BEIRUT: President Michel Sleiman reiterated Tuesday his call for adopting an electoral draft law endorsed by the Cabinet for the upcoming 2013 elections, including amendments if need be, amid political differences in the country on what electoral system to use in the June polls.
“As long as we are adamant on holding the polls in light of the draft law endorsed by the Cabinet that is based on proportional representation then we should start discussing this law and possibly include amendments if need be,” He said, addressing the country’s Arab and foreign diplomatic corps.
In August, the government approved an electoral draft law that divides the country into 13 districts under a system of proportional representation.
However, the Cabinet’s proposal is one of several under discussion by rival lawmakers.
The head of the subcommittee discussing a new electoral law, MP Robert Ghanem, will later in the day hand Parliament Speaker Nabih Berri the minutes to several days of deliberations which were marked by political differences over which legislation best guarantees fair representation for all sects in Lebanon.
In his annual speech to the country’s foreign diplomatic corps at the Presidential Palace, the president also stressed the importance of committing to the “Baabda declaration” to safeguard against the developments in the region.
“Despite some parties plunging into violence over the situation in Syria, members of the National Dialogue were able to agree on keeping Lebanon away from regional crises,” he said, hinting at last year’s recurrent clashes in north Lebanon between supporters and opponents of the Syrian regime.
The “Baabda Declaration,” a pact between rival political leaders in the March 8 and March coalitions arrived at in mid-2012, calls for neutralizing Lebanon from regional conflicts and rejecting the creation of buffer zones and the flow of gunmen and arms from Lebanon to Syria.
Sleiman also reiterated his commitment to National Dialogue and said he would keep on trying to bring all leaders together to resume the all-party-talks.
“Efforts will be exerted to call for National Dialogue,” said Sleiman.
Sleiman has repeatedly called for the resumption of the multiparty talks in the face of a boycott by the country’s opposition.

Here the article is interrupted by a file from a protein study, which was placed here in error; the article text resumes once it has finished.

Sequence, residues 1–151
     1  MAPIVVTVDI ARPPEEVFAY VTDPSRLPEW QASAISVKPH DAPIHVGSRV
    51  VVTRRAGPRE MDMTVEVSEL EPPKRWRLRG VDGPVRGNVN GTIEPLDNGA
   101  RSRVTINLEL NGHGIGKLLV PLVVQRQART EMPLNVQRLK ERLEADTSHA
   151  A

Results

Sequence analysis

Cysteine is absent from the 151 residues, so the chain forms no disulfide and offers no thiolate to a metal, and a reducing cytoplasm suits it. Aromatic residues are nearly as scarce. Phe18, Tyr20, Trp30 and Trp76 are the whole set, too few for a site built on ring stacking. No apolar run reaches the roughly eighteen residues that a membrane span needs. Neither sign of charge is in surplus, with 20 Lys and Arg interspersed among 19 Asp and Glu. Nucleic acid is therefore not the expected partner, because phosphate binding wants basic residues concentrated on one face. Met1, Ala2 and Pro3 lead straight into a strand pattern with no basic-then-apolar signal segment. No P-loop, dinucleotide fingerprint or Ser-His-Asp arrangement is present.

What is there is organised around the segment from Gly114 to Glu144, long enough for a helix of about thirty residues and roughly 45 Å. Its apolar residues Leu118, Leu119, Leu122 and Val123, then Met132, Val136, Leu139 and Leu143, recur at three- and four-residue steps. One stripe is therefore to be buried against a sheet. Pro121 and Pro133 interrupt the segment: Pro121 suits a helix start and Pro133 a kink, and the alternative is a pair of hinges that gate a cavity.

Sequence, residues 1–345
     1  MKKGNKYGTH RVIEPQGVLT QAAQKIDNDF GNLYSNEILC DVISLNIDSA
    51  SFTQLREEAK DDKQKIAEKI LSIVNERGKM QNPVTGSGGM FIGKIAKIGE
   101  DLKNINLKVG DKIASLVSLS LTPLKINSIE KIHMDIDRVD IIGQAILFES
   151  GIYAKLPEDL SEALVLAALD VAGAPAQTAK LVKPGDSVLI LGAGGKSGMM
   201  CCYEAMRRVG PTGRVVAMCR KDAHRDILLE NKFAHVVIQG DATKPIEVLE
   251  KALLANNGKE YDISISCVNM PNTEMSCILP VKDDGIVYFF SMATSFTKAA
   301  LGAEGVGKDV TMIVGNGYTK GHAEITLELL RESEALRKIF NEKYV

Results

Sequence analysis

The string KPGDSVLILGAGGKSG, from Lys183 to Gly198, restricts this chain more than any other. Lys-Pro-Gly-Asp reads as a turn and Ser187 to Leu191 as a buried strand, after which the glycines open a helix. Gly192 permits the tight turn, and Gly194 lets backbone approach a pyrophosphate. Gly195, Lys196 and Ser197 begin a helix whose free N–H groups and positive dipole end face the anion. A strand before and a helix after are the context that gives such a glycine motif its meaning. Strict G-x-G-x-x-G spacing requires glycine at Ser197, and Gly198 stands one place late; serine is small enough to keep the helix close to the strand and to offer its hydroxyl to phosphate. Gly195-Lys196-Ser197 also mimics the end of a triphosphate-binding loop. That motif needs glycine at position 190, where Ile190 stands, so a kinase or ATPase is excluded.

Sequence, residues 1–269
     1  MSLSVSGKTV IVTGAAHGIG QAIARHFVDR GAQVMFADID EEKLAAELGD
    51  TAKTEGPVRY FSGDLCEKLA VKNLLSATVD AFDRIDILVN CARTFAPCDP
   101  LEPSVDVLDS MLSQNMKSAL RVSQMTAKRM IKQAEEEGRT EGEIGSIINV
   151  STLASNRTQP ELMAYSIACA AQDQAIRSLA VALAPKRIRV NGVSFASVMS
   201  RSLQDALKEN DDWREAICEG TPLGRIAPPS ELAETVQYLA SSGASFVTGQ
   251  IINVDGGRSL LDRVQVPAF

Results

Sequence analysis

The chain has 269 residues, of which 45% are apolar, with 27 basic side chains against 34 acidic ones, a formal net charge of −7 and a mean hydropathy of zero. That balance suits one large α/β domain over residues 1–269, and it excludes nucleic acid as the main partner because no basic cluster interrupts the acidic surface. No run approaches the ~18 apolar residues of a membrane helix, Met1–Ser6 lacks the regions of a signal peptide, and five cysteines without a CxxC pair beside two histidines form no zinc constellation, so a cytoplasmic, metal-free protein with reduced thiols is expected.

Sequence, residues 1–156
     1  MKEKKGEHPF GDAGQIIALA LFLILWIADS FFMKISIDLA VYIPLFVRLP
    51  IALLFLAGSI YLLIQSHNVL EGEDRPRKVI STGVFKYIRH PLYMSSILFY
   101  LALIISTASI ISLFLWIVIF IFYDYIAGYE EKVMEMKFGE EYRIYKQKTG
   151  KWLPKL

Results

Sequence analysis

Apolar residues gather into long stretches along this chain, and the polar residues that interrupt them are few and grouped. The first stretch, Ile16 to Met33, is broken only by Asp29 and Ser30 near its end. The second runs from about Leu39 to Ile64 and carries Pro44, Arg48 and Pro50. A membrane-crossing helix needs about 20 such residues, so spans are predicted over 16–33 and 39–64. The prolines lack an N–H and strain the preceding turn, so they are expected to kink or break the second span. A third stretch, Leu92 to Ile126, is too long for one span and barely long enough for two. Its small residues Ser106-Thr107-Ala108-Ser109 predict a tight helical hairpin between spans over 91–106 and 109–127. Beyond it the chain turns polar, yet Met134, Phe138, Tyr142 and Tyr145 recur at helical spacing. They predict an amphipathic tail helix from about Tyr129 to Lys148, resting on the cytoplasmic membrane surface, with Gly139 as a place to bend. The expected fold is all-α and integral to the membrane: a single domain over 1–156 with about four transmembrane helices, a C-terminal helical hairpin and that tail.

The March 14 alliance insists that the government resign and a neutral salvation cabinet take over to oversee the upcoming elections. The move was prompted by the October assassination of police Information Branch head Brig. Gen. Wissam al-Hasan in an car bombing in a suburb of the capital.
Sleiman told the diplomats that the country was still feeling the negative effects of Hasan’s killing.
“The status quo is that the Lebanese are still living the repercussions of Hasan's murder and are afraid of the consequences of the Syrian conflict,” he said.
“Hasan’s killing raised concerns and caused confusion in the country,” he added.
During his 2012 address to the diplomatic corps, Sleiman vowed to work for the resumption of all-party talks to discuss Hezbollah’s weapons.
He also urged that its neighbor Syria seek an end to its internal crisis and said developments in the region should not detract from the Palestinian cause.
Prior to Sleiman’s address Tuesday, the Vtican's ambassador to Lebanon, Bishop Gabriel Caccia, praised the “Baabda Declaration,” saying the agreement had managed to preserve the country's independence under Sleiman.
Addressing members of the diplomatic corps in Lebanon, Caccia said it was important to revive democratic institutions and hold on time the elections, which he described as the principal factor for a sound, democratic life in Lebanon.
Caccia praised Sleiman for sponsoring the Baabda Declaration, which he said reflected the country’s independence in dealing with challenges facing the country and region.
He also said that last year’s visit by Pope Benedict XVI and U.N. Chief Ban Ki-moon reflected the positive diplomatic ties between Lebanon and the world.